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Vladimir Putin’s increasingly fragile future

Since its outbreak early this year, the coronavirus has brought about a massive human toll around the world. The biggest political price could be paid by none other than long-serving Russian strongman Vladimir Putin.

A bit of history is necessary here. Not numerous dictators end up being in power for two decades or longer. A 2019 American Foreign Policy Council study revealed that just 35 of 120 posts – World War II dictators who ruled over countries of 10 million or more stayed in power for too long. Of those 35, 15 of them representing (42%) were forcibly removed from power or killed. The average age of them at the period they lost their power was 73, while just six of them left the political scene before they turned 68.

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These figures are crucial in the case of Russia today because Vladimir Putin who turns 68 this October has been in office for 20 years now.

Of course, Putin is well aware of these statistics. He has so far continued to stay in power because he understands the dangers to his rule and has moved quickly to take them off the scene through the use of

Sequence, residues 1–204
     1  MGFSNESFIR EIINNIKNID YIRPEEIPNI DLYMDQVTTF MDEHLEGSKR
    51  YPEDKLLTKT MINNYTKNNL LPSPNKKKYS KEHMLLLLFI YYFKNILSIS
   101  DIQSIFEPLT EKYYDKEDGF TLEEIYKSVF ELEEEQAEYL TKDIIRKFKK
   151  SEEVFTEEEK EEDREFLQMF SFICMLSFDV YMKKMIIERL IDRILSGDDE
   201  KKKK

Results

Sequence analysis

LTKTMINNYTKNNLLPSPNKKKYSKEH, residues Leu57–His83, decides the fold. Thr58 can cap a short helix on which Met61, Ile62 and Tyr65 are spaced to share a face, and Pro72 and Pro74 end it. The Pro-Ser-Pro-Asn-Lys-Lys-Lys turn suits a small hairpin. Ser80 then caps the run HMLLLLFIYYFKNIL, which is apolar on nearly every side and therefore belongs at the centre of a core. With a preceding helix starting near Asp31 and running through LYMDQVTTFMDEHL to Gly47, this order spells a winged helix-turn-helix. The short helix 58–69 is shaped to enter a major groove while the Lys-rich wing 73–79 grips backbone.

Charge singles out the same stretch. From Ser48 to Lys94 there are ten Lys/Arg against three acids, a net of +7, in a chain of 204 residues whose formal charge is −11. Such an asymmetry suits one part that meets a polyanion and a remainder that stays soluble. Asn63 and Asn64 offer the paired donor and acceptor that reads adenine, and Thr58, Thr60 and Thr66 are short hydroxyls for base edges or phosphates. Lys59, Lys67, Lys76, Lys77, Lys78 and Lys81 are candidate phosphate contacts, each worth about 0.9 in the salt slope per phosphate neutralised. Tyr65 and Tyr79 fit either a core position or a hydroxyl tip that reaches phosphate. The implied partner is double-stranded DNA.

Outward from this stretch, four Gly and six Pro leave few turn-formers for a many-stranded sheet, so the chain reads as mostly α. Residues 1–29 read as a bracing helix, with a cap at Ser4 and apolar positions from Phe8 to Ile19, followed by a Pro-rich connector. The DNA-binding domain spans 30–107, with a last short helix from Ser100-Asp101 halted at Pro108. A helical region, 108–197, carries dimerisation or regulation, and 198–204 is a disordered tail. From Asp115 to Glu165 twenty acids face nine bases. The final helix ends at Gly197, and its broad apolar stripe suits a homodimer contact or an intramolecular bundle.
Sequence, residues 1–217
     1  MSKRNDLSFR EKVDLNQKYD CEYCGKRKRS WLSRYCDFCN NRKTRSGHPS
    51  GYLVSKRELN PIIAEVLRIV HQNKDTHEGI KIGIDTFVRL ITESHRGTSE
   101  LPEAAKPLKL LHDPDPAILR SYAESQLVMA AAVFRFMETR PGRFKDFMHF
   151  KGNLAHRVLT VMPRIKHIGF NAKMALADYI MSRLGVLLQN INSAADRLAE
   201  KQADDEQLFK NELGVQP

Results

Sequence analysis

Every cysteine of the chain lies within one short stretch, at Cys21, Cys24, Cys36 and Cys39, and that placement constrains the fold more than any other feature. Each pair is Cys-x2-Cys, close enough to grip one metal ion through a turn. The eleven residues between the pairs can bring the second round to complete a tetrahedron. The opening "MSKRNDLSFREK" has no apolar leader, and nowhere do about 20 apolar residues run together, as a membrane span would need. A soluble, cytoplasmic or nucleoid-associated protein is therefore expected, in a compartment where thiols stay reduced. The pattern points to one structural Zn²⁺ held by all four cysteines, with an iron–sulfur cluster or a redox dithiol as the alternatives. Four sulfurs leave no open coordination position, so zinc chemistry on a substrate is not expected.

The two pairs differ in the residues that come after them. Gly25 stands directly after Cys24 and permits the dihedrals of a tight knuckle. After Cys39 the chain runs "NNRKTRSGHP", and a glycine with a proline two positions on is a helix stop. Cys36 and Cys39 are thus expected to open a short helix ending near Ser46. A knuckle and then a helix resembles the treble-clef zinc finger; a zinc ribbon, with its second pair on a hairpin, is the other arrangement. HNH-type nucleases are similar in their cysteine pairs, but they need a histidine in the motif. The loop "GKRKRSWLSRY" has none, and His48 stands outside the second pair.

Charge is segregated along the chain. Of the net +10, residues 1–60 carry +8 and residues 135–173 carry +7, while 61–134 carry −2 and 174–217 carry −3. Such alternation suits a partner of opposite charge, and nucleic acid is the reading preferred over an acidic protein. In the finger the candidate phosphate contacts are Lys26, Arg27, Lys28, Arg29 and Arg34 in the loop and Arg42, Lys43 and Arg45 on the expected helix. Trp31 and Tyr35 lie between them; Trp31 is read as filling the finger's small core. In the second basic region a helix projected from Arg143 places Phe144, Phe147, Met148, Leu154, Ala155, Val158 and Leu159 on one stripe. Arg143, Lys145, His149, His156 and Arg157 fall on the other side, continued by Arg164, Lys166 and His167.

1.      Internal repression.

2.      External distraction which includes Syria and Ukraine helped to feed his domestic propaganda. At the same time, he has made his elites richer due to their continued support essential to his remaining in power.

Due to this, those who are collectively able to mount any meaningful challenge to his power have not been able to do so. Putin simply looked too strong. However, in recent times, that popularity has waned significantly.

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In the two years since Putin’s recent election in March 2018, popular trust in his him has fallen significantly from 60% to 35%. Similarly, an April poll by Russia’s Levada Centre revealed that only 46% of Russians saw Putin’s measures against the coronavirus to be right.

In fact, there is reason to make conclusions that Putin’s actual approval rating is significantly worse. All polling groups in the country are under huge pressure to make Putin look good. Also, beyond the issue of how pollsters handle the real figures, we also have to consider the accuracy of the answers given out. Fear has returned in Russia and numerous people simply would be afraid to tell an unknown person their views of the country’s leader.

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However, it is not difficult to comprehend why some Russians do not approve of his rule or like him. Real incomes in the country have fallen in five of the previous six days. That points to a protracted stagnation. Indeed, since 2014, the Russian economy’s average growth rate has been a measly 0.6 which is a fifth of the global average. It should hardly come as a surprise that more than half (53%) of 18-24-year-olds want out of the country.

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